Zillow (Z): A Stock to Hold Forever
Last week I kicked off this series of Forever Stocks with an introduction that explained exactly what I mean by that term.
If you missed it, keep reading. If you’ve already read it, feel free to read it again—or skip directly to today’s featured stock.
Why Invest in Forever Stocks?
Of all the ways to make money as an investor, perhaps the most rewarding is buying a stock when it is young and then holding that stock for a very long time, while it grows, and grows, and grows, bringing you profits topping 100%, 500%, even 1,000%.
Most experienced investors can easily name forever stocks that they wish they still owned—stocks that have doubled may times over the years. These include not only today’s big winners like Alphabet (GOOG), Amazon (AMZN), Apple (AAPL), Netflix (NFLX) and Tesla (TSLA) but also stocks that were previously hot and are bigger and growing more slowly now, like Carnival (CCL), Cisco (CSCO), Disney (DIS), Home Depot (HD) and Microsoft (MSFT).
But most investors who once owned these stocks don’t own them anymore.
So why are so few investors able to hold winning stocks long-term?
Because they get nervous about short-term concerns. Because they lack conviction. And often, because they become seduced by other stocks, and sell their old winners for modest profits instead of hanging on for the bigger, longer-term payoff.
And then, years later, they often wake up and say, “I wish I’d held onto that stock.”
So, this series of five weekly posts featuring stocks that you can buy with the intention of holding forever is designed to help you do just that.
But note this—the goal of this report is not to identify stocks that can give you a modest long-term return, like Johnson & Johnson (JNJ) and DuPont (DD). Those stocks are fine for conservative investors working to keep their wealth, but my goal is to identify stocks that can make you rich!
The key attributes I look for in forever stocks are these:
- A product or service or business model that is revolutionary
- A product or service or business that serves a mass market
- A company that’s still small enough to grow rapidly
- A company that is not respected—perhaps not even known—by the majority of investors.
- Last but not least, I look for a chart that shows that other investors have begun to recognize the company’s potential as well; that tells me that my thinking is on the right track.
For the record, stock #1 was Autohome (ATHM), the Chinese company working to be the center of all consumer-oriented automobile information in China.
And stock #2 is…
Forever Stock #2: Zillow (Z)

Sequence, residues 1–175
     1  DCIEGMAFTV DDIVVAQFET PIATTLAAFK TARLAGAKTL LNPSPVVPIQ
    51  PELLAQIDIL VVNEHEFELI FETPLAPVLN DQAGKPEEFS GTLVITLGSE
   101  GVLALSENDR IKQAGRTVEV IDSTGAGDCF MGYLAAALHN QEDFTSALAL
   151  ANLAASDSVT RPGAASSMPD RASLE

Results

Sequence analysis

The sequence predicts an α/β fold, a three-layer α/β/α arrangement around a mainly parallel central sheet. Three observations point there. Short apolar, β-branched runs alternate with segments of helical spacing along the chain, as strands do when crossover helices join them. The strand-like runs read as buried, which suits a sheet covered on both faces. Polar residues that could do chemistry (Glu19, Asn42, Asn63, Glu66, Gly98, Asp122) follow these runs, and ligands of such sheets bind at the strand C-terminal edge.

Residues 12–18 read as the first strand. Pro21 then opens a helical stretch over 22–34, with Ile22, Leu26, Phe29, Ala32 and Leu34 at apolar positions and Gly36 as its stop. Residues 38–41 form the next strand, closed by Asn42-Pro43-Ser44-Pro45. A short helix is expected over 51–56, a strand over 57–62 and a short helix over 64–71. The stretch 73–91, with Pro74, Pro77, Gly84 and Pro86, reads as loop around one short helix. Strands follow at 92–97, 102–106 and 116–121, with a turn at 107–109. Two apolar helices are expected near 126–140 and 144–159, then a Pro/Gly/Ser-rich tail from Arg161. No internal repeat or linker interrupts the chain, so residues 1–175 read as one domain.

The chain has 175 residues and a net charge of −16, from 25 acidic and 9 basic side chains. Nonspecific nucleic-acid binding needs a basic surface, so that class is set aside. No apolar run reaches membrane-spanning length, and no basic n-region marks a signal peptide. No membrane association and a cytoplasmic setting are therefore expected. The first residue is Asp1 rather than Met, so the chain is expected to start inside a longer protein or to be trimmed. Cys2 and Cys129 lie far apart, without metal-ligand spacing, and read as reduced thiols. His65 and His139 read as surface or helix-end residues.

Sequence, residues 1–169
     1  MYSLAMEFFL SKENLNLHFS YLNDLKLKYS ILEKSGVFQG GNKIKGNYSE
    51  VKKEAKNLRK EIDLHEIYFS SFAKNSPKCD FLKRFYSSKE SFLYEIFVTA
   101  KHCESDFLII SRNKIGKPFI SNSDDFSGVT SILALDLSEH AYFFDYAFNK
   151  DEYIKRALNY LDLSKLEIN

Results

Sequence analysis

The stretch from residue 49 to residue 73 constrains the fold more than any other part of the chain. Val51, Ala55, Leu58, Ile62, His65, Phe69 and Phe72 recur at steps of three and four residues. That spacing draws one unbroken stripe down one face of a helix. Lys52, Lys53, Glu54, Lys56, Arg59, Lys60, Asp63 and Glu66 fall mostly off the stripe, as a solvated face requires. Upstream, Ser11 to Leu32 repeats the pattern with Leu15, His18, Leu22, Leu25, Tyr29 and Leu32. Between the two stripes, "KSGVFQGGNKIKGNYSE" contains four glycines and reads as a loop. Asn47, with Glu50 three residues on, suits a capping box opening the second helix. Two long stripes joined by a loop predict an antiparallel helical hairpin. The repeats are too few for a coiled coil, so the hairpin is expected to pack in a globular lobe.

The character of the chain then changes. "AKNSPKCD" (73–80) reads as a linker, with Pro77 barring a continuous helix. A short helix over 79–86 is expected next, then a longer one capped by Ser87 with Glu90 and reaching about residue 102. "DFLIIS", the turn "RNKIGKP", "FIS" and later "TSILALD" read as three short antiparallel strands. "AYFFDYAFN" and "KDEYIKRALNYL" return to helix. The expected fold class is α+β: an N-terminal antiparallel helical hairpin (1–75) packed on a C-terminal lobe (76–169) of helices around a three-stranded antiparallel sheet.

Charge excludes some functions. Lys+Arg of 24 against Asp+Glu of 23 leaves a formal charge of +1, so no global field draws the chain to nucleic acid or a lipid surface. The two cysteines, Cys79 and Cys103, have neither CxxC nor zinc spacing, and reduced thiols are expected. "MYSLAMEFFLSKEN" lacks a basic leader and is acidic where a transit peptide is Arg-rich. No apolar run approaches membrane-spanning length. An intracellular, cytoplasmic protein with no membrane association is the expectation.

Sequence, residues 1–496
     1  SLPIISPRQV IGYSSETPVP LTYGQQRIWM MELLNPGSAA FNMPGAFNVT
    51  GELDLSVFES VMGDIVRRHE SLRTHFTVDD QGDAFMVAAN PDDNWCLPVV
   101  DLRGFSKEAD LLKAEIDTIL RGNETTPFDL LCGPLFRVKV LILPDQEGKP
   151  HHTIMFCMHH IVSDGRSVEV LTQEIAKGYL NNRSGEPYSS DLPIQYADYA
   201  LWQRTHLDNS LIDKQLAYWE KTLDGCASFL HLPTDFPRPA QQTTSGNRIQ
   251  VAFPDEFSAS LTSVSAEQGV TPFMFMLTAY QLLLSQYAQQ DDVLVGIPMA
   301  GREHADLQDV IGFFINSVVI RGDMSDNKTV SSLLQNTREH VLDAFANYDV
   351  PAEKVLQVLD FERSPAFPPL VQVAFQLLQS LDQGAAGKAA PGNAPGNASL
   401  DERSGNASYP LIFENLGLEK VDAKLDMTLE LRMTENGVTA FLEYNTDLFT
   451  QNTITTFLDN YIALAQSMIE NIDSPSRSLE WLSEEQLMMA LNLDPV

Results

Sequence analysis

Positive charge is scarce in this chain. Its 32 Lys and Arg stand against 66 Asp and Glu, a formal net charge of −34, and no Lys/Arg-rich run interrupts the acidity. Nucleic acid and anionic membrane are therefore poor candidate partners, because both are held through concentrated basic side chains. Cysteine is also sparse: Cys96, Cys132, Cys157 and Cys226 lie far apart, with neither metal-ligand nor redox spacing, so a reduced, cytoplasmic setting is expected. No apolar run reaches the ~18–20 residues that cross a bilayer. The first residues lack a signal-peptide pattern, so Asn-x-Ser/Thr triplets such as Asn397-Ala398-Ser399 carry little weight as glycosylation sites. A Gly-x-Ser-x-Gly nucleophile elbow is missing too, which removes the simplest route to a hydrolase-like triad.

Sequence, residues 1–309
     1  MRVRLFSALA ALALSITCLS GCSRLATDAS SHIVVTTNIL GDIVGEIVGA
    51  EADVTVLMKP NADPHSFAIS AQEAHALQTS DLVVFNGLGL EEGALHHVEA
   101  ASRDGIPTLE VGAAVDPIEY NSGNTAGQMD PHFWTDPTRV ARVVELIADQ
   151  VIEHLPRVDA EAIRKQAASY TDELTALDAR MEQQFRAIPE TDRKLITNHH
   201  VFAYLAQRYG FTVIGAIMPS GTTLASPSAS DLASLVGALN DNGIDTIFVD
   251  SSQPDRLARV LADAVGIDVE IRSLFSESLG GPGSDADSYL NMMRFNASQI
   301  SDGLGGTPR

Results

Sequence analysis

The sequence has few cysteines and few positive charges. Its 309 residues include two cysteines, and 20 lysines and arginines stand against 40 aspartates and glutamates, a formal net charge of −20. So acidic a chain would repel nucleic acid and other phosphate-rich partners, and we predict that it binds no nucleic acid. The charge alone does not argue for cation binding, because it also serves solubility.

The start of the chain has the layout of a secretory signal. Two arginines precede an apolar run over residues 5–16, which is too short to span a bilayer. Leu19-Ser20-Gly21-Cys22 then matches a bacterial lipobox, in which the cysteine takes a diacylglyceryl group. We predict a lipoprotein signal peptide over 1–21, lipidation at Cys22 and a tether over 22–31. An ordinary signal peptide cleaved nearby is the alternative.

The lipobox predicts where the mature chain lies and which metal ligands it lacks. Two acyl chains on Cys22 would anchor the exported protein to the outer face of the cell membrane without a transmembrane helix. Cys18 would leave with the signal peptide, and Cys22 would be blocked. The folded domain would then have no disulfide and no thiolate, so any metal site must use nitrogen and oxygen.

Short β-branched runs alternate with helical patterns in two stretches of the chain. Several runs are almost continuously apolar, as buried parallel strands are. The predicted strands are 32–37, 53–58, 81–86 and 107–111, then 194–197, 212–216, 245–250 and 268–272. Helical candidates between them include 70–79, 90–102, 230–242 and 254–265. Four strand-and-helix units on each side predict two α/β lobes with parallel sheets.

(Note: These forever stocks are not in alphabetical order. Instead, each week I’m highlighting the stock that’s at the best short-term buy point.)
Zillow is the world’s largest online organizer of real estate information, with data on more than 110 million homes in the U.S.
Some of these homes are for sale, some are for rent, and many are listed just for comparison. And the data is free to people like you and me!
What did we do before Zillow?
We bought newspapers, and were limited to reading the tiny print of local listings. Or we picked up free real estate magazines and perused the glossy photos.
But with Zillow, you can look at real estate anywhere in the U.S. You can drill deep, you can scan broadly, and you can investigate mortgage rates—all for free!
Zillow gets its money from real estate agents, who have found over the past decade that if they don’t pay Zillow to get their homes shown to house-hunters, they miss out on a lot of valuable leads. And the business, now 13 years old, is still growing fast.
In 2015, Zillow acquired its biggest rival, Trulia, and revenues grew 98% to $645 million. In 2016, they shot ahead another 31% to $847 million. And in the first quarter of 2017, they grew 32% to $246 million. So growth is not a problem here.
As for earnings, Zillow is finally starting to ramp up, with the bottom line expected to total $0.47 per share this year and $0.90 per share next year.
Zillow came public at 20 in July 2011, and topped 60 in its first week. But six months later it was back down to 21.
In the three years that followed, the stock trended generally higher (sometimes with high volatility), peaking at 57 in July 2014 on news of the possible Trulia merger. But the year that followed wasn’t kind to Zillow, as the stock dipped all the way to 16 in early 2016.
A month later, however, the company did a three-for-one stock split, selling Class A shares under the ticker symbol “ZG” and non-voting Class C shares under the old “Z” ticker symbol. Basically, all Zillow shareholders received two Class C shares for every share of Class A and B stock they owned (hence, the 3-for-1 split).
It’s confusing, but the most important point is that Z is the more liquid, well-traded stock. And since the split, Z has done generally well. It was a leader during the market’s spring advance in 2016, rallying as high as 40, and it’s since gone mostly sideways, building a long and strong base in the high 30s.
Technically, a base like this is a very promising pattern, and the promise began to be fulfilled when Z broke out above 40 (into new high territory) in early May, thanks in part to an excellent first-quarter report. The first surge took the stock as high as 44 just two weeks ago, and that was followed by a pullback to 40—which is now acting as a support level. I think buying anywhere between here and 40 will work out well in the short term.
But this is a list of stocks to buy and hold “forever,” and long term, I’m very bullish on both the stock and the company. I think if you buy some and simply hold it, you could see some fine rewards in a decade or two.